Canadian farmers’ realized net income amounted to $4 billion in 2010, up almost 30 per cent from 2009 following a 19.6 per cent decline that year, Statistics Canada reports.
Lower operating expenses more than offset a small decrease in farm cash receipts in 2010, the federal statistics agency said in a release Friday.
Realized net income is the difference between a farmer’s cash receipts and operating expenses minus depreciation, plus income in kind. Realized net income fell in two provinces, New Brunswick and Alberta, where decreases in farm cash receipts exceeded declines in expenses.
Market receipts, the revenue from the sale of crops and livestock, edged up 0.1 per cent to $41.3 billion. Rising livestock receipts narrowly offset declining crop receipts.
Livestock receipts rose 4.5 per cent to $18.9 billion on the strength of higher hog (up 19.4 per cent) and cattle (up 4.9 per cent) prices. Despite increases in 2010, hogs prices remained below their recent peak in 2004. The market price of cattle was at its highest level since 2002.
Crop receipts fell 3.4 per cent to $22.4 billion. Lower prices, as well as diminished marketings, were among factors contributing to reduced receipts for some crops, including wheat, barley, lentils and potatoes.
Despite lower prices, increased marketings boosted the receipts of canola and soybeans. Receipts for horticulture increased for the third year in a row, which was largely attributable to gains in greenhouse vegetables.
Receipts from supply-managed commodities (dairy, poultry and eggs) fell 0.1 per cent, as poultry prices fell for the first time since 2006.
Farm cash receipts, which include market receipts and program payments, amounted to $44.5 billion in 2010, down 0.3 per cent from 2009. A 4.8 per cent decrease in program payments was mostly accounted for by the reduction in provincial stabilization payments in Quebec in 2010. These reductions were partially offset by increased crop insurance payments, as well as by payments precipitated by difficult seeding conditions in Saskatchewan and Manitoba.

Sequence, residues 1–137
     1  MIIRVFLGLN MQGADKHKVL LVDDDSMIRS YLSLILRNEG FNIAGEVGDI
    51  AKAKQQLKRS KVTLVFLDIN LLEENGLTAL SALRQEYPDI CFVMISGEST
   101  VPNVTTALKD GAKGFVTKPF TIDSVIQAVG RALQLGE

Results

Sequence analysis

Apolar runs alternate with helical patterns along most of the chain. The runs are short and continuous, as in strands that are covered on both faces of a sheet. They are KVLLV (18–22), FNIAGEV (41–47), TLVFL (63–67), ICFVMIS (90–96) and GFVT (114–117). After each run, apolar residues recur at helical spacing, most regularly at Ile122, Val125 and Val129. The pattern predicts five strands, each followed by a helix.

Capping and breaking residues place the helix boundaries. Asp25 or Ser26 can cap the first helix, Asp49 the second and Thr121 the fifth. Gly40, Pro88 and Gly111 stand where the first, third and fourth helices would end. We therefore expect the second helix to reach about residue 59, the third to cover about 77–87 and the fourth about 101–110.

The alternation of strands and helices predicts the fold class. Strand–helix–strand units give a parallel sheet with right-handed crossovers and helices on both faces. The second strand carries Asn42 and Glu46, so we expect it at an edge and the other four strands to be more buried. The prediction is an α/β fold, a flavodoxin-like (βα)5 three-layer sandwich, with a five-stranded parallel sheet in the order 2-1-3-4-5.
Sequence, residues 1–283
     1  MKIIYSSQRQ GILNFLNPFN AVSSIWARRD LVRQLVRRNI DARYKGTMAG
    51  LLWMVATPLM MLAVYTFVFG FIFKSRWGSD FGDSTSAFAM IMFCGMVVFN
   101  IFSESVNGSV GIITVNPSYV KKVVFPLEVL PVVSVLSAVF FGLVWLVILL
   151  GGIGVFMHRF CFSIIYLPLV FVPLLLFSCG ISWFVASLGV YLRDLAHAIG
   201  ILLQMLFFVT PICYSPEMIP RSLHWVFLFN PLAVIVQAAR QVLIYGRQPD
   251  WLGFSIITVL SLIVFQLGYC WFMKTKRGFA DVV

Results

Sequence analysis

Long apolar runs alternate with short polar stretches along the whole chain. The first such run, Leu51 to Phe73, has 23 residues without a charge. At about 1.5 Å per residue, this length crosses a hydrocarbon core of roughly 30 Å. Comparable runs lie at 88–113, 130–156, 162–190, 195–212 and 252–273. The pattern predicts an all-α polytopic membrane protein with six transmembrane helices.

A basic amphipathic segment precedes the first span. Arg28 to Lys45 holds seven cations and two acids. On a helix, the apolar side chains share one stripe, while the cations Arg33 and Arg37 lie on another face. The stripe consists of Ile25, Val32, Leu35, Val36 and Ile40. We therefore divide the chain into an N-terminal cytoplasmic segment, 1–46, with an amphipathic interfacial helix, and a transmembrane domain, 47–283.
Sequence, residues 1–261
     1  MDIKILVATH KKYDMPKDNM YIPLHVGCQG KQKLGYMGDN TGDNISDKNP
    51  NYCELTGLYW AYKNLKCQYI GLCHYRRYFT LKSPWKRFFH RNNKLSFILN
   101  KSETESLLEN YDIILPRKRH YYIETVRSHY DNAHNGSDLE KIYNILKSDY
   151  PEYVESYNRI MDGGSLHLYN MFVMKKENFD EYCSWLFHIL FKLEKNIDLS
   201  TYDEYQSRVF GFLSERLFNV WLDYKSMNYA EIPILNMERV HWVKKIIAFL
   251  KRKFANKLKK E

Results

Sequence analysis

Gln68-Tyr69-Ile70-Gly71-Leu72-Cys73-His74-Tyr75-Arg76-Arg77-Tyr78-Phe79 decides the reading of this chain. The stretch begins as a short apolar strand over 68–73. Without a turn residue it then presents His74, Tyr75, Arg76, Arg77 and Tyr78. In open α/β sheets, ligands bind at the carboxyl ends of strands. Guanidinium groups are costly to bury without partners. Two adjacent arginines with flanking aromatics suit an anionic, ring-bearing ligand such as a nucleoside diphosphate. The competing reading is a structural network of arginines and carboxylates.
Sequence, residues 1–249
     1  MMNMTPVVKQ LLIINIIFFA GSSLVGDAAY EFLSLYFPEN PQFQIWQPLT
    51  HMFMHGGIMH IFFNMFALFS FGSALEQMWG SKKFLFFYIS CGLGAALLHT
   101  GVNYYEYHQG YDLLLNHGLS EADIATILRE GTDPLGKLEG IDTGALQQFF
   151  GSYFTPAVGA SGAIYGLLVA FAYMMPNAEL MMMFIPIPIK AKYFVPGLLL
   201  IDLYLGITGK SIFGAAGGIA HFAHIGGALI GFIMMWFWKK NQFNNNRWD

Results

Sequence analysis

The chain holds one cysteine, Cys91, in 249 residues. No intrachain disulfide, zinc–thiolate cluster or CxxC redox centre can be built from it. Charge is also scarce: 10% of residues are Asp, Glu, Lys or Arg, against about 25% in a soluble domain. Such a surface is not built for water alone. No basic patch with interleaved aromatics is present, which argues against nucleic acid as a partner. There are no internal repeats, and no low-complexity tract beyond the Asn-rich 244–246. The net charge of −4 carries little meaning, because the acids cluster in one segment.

Farm cash receipts for Canadian farmers have so far in 2011 totalled $35.8 billion between January and September, up 10.9 per cent from the same period in 2010, StatsCan noted in a separate release. Farm cash receipts increased in every province during that nine-month period.
Drop in expenses
Total farm expenses, which include total operating expenses and depreciation, fell 2.5 per cent to $40.5 billion in 2010, after a 1.7 per cent drop in 2009. This was largely the result of declines in fertilizer, feed and pesticide expenses. Every province except Ontario (up 0.1 per cent) posted declines in total farm expenses.
While lower prices for many inputs were the primary factor in the drop in expenses, excessive moisture during the spring prevented the seeding of large areas in Saskatchewan and, to a lesser extent, Manitoba. This weakened demand for crop inputs in these provinces.
Lower prices and inventories of hogs and cattle contributed to the second consecutive drop in commercial feed expenses.
In 2010, total net income climbed 4.4 per cent to $3 billion, following a 59.9 per cent drop in 2009. Despite the advance, levels remained well below those of 2008 when total net income reached $7.1 billion, a period of record yields for many crops, which boosted crop production and led to the replenishment of year-end stocks.
Total net income adjusts realized net income for changes in farmer-owned inventories of crops and livestock. It represents the return to owner’s equity, unpaid labour, management and risk.
Agriculture’s net value-added amounted to $11.3 billion in 2010, up $133 million (up 1.2 per cent) from 2009. A $907 million decline in expenses on inputs outpaced a $755 million drop in the total value of production.
Among the provinces, Alberta posted a 70.7 per cent rise in net value added, recovering from losses in 2009. Net value added fell sharply in Manitoba (down 37.8 per cent) and Saskatchewan (down 31.4 per cent).
Net value added measures agriculture’s annual contribution to the national economy’s production of goods and services. It is derived by calculating the total value of agricultural sector production, including program payments, and subtracting the related costs of production (expenses on inputs, business taxes and depreciation).
Realized net income can vary widely from farm to farm because of several factors, including commodities, prices, weather and economies of scale. This and other aggregate measures of farm income are calculated on a provincial basis employing the same concepts used in measuring the performance of the overall Canadian economy. They are a measure of farm business income, not farm household income.